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humid

[hyoo-mid or, often, yoo-] /ˈhyu mɪd or, often, ˈyu-/
adjective
1.
containing a high amount of water or water vapor; noticeably moist:
humid air; a humid climate.
Origin
late Middle English
1375-1425
1375-1425; late Middle English < Latin (h)ūmidus, equivalent to (h)ūm(ēre) to be moist + -idus -id4
Related forms
humidly, adverb
humidness, noun
subhumid, adjective
unhumid, adjective
Synonyms
dank, wet. See damp.
Dictionary.com Unabridged
Based on the Random House Dictionary, © Random House, Inc. 2014.
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British Dictionary definitions for un-humid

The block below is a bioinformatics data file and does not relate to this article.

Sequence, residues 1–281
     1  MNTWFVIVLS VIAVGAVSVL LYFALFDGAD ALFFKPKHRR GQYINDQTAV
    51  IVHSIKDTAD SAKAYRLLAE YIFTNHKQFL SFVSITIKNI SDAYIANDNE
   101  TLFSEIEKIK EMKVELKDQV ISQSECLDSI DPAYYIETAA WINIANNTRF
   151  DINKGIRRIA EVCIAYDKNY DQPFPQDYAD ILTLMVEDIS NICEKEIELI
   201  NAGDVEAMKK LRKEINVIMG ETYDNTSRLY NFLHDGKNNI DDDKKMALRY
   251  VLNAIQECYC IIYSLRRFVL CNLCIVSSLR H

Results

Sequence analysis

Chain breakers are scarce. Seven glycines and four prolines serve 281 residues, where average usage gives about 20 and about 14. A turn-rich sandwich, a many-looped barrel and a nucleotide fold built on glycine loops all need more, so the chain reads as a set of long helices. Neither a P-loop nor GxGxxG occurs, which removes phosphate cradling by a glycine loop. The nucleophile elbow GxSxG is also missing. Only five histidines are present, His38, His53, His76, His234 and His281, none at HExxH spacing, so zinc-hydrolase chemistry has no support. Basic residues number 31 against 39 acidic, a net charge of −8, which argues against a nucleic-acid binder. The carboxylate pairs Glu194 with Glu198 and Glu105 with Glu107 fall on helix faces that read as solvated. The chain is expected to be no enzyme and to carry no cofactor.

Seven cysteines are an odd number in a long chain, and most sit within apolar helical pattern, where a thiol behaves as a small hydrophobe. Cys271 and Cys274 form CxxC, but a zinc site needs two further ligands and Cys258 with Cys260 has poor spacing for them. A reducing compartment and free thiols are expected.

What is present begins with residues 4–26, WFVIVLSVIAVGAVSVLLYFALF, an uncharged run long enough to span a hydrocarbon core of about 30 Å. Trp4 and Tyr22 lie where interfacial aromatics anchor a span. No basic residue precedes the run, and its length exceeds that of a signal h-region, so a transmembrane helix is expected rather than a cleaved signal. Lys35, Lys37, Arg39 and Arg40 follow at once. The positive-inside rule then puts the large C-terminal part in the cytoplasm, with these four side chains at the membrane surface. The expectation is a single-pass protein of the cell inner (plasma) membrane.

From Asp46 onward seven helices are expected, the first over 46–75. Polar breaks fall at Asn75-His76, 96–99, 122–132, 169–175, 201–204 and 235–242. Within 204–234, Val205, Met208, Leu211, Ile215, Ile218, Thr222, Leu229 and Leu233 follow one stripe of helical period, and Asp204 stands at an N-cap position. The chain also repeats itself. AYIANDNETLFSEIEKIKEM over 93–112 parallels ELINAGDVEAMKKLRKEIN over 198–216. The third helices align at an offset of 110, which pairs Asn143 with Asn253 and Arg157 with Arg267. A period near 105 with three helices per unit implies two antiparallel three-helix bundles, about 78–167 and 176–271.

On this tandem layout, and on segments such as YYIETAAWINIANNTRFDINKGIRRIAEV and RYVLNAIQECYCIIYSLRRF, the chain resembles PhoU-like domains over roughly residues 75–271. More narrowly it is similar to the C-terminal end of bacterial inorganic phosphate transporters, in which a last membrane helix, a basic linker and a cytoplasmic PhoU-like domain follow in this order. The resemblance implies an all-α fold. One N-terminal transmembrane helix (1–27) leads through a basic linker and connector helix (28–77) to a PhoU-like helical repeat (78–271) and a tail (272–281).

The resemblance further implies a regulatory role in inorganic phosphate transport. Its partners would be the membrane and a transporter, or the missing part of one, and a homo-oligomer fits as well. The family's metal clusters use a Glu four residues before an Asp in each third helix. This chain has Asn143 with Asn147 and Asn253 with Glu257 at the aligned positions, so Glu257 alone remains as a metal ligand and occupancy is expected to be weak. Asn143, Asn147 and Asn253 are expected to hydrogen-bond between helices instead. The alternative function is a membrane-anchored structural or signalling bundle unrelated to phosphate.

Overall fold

humid

/ˈhjuːmɪd/
adjective
1.
moist; damp a humid day
Derived Forms
humidly, adverb
humidness, noun
Word Origin
C16: from Latin ūmidus, from ūmēre to be wet; see humectant, humour
Collins English Dictionary - Complete & Unabridged 2012 Digital Edition
© William Collins Sons & Co. Ltd. 1979, 1986 © HarperCollins
Publishers 1998, 2000, 2003, 2005, 2006, 2007, 2009, 2012
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Word Origin and History for un-humid
humid
1412 (implied in humidity), from O.Fr. humide, from L. humidus "moist, wet," var. (by infl. of humus "earth") of umidus, from umere "be moist."
Online Etymology Dictionary, © 2010 Douglas Harper
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4
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